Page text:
Wed, 17 Jul 2019

Beijing on Monday ruled out any international discussion of recent mass protests of millions of people in Hong Kong against plans to allow extradition to mainland China.

Assistant foreign affairs minister Zhang Jun said the ruling Chinese Communist Party would "not allow" the topic to be discussed at the forthcoming Group of 20 (G20) nations summit this week.

"What I can tell you for sure is that G20 will not discuss the Hong Kong issue," Zhang told reporters. "We will not allow G20 to discuss the Hong Kong issue."

"Hong Kong is China's special administrative region. Hong Kong matters are purely an internal affair due China. No foreign country has a right to interfere," Zhang said.

"No matter at what venue, using any method, we will not permit any country or person to interfere in China's internal affairs."

Zhang's comments came after thousands of protesters besieged government buildings in Hong Kong on Friday in protest over government plans to allow extradition to mainland China, and to call for the release of those arrested during protests on June 12.

Crowds of mostly young people wearing black converged on immigration and tax headquarters in Wanchai, sparking temporary shutdowns of the offices, before gathering in their thousands outside police headquarters to call for the release of those arrested, and to demand an apology for police violence against unarmed protesters last week.

Police use of tear gas, batons, pepper spray, and rubber and bean bag bullets on June 12 sparked a mass protest of around two million people on June 16, possibly the largest in the city's history.

Threats to status

The amendments are widely seen as a threat to Hong Kong's way of life, which was supposed to have been protected under the "one country, two systems" framework under which the former British colony was handed back to China in 1997.

If they become law, the city could lose its status as a separate legal jurisdiction and trading entity, while journalists, visitors, rights activists, dissidents, democratic politicians, and the business community could be targeted for words and actions deemed illegal by the ruling Chinese Communist Party, and extradited to face trial in Chinese courts.

Pro-democracy lawmakers say the only solution to recurring mass protests in Hong Kong is for the government to allow fully democratic elections, a demand that was rejected by the ruling Chinese Communist Party in 2014, sparking the Occupy Central, or Umbrella movement.

Hong Kong's lawyers have also come out in support of protesters, saying that the extradition bill should be withdrawn completely, as opposed to the postponement offered by the administration of chief executive Carrie Lam.

Chinese authorities have also censored keywords related to the mass civil disobedience movement from social media platforms, and have detained people simply for retweeting posts about the protests.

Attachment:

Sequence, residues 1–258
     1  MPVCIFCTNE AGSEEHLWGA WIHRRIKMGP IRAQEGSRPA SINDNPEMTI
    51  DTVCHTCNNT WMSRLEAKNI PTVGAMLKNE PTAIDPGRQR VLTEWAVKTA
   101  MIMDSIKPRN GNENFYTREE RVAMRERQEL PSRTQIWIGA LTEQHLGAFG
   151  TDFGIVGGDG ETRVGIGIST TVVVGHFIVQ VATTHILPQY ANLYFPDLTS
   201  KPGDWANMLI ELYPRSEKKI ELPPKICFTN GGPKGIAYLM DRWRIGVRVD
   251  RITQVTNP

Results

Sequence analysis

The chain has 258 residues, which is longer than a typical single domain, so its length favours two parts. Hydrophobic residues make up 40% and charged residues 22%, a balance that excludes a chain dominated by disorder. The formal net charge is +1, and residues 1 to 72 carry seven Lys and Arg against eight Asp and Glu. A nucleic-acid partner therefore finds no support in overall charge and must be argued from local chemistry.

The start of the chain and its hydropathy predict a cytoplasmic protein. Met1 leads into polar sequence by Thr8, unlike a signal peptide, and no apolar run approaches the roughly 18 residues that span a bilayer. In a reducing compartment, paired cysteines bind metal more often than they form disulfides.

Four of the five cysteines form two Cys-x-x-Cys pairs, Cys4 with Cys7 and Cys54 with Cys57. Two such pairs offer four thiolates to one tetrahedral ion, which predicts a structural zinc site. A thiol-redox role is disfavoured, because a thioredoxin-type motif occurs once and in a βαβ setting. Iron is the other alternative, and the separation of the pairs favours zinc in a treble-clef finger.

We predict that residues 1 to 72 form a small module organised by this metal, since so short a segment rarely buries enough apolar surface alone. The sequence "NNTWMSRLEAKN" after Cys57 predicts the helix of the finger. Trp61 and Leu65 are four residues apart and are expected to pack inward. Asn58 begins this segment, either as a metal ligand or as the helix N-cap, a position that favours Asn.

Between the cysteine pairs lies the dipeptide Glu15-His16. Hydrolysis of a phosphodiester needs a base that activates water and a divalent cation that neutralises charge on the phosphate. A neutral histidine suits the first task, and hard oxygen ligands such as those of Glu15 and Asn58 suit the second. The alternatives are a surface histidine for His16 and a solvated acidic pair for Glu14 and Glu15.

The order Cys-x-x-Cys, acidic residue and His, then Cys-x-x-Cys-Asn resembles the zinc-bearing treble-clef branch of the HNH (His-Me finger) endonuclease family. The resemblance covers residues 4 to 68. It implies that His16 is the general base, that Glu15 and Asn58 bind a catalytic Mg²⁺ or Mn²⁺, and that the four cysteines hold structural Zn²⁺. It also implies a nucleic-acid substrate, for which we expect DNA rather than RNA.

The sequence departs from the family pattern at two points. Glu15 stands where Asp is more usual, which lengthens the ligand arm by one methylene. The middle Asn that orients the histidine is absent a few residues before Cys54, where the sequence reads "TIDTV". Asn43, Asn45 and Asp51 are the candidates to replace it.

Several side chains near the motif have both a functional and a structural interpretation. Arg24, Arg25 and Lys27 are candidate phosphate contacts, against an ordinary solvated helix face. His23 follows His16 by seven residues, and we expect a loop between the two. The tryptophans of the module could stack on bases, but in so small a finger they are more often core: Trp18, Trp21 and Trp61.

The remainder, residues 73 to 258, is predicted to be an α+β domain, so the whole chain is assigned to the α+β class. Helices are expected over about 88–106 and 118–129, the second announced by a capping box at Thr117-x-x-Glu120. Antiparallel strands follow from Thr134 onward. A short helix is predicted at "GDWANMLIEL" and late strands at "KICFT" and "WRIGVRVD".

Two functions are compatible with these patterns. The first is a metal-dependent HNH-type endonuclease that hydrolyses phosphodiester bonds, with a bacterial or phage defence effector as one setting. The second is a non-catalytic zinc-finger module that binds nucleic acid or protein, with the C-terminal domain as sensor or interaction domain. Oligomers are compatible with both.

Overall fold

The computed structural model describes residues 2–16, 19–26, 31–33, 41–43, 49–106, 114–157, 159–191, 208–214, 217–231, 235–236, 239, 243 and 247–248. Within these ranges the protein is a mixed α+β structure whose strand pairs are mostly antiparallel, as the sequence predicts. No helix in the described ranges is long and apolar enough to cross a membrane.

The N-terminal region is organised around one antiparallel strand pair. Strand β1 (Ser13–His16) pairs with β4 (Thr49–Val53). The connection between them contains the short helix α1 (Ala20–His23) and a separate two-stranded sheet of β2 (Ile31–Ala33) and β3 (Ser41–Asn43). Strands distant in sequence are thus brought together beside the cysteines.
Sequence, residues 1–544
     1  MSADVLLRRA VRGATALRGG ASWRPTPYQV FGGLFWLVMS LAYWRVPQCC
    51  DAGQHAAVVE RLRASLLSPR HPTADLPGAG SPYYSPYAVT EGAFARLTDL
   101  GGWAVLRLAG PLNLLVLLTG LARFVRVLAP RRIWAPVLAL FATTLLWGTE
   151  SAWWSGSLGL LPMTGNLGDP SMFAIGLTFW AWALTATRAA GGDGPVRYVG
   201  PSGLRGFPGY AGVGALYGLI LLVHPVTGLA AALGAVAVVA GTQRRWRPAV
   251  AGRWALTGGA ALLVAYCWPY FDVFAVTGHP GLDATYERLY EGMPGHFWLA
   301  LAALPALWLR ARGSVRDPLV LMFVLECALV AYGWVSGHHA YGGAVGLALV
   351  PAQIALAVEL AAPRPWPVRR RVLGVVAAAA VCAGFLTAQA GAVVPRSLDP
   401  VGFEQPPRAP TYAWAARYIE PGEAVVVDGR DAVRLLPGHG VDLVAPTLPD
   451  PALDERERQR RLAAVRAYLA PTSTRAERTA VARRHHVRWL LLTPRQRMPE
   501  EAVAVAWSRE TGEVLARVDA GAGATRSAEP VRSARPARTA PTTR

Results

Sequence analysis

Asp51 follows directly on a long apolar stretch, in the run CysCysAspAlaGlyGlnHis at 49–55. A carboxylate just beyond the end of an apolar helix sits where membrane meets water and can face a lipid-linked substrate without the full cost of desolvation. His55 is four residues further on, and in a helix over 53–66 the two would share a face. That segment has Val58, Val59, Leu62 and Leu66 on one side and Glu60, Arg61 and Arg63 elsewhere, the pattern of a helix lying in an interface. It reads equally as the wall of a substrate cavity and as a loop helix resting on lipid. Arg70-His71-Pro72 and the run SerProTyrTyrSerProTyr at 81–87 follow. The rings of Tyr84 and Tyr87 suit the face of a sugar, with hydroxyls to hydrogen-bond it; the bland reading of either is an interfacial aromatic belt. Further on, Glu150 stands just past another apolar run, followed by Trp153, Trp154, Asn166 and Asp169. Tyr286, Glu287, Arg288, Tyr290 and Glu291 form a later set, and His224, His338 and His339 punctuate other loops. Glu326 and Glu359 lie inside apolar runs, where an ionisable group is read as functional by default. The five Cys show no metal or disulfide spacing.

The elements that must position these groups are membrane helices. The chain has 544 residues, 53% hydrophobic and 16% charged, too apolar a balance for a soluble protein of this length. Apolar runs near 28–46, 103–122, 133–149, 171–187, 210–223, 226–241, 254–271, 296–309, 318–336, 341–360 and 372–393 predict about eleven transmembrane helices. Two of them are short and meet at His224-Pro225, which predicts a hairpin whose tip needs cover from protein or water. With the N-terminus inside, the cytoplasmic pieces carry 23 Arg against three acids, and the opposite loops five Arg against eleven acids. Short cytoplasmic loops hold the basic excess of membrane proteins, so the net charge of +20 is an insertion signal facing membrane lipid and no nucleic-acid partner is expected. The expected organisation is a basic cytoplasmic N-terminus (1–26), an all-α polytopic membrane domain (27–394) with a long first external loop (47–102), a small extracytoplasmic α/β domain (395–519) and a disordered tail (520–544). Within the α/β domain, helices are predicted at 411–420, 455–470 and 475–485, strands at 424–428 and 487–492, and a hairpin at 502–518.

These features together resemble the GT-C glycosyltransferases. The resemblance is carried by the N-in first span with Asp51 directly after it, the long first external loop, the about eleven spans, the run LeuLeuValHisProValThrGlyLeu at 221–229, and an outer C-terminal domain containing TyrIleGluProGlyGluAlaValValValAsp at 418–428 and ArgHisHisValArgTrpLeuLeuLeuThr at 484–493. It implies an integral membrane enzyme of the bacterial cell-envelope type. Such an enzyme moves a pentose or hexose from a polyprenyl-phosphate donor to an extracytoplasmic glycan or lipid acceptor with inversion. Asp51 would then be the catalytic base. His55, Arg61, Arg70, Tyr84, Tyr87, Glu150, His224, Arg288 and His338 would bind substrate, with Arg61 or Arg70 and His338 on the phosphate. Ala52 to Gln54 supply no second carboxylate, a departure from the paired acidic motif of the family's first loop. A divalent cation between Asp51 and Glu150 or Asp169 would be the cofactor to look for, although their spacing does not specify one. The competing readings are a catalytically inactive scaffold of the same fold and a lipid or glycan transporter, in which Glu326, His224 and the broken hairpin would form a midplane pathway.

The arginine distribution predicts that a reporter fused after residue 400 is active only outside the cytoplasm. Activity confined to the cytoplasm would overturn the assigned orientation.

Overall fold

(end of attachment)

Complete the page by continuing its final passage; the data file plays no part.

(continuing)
Warned by police

Wei Xiaobing, a rights activist from the southwestern province of Sichuan, was held under a 15-day administrative sentence after being called in for questioning by police in Huzhou city, in the eastern province of Zhejiang, after posting about the protests.

And activist He Jiawei was taken to the police station and warned not to post about Hong Kong, or even forward others' posts, or he would be "strictly" dealt with.

He remained there on Monday.

"I can't talk right now; I'm in the police station, sorry," He said.

Sichuan activist Pei Li said she had also been warned off the topic by her local state security police. Pei said via her Twitter account that she had been threatened with "enforced disappearance" if she didn't heed the warning.

In the end, police had begun by escorting her to her hometown, but had changed theirs minds and taken her on an "enforced vacation" instead.

Pei later tweeted "Go Hong Kong!" from her Twitter account. She was apparently incommunicado on Monday.

References deleted

Activist Xie Wenfei, who was jailed for his public support of the 2014 Occupy Central movement for fully democratic elections in Hong Kong in April 2016, said he was taken on an enforced "vacation" of about four days during the 30th anniversary of the Tiananmen massacre.

"After the vacation, I posted to Facebook and WeChat, and [the state security police] told me very clearly that I wasn't to post anything political online, on pain of being regarded their enemy," Xie said.

A social media user who declined to be named said that the government's complex system of blocks, filters and human censors was deleting or blocking anything containing the words "Hong Kong," as well as any video relating to the anti-extradition marches.

"We can't express ourselves clearly," the social media user said. "The words 'Hong Kong' keep getting deleted."

"Anyone who posts footage or photographs of Hong Kong immediately gets their account shut down," they said.

Reported by Wen Yuqing for RFA's Cantonese Service, and by Lu Xi for the Mandarin Service. Translated and edited by Luisetta Mudie.

Copyright © 1998-2018, RFA. Published with the permission of Radio Free Asia, 2025 M St. NW, Suite 300, Washington DC 20036

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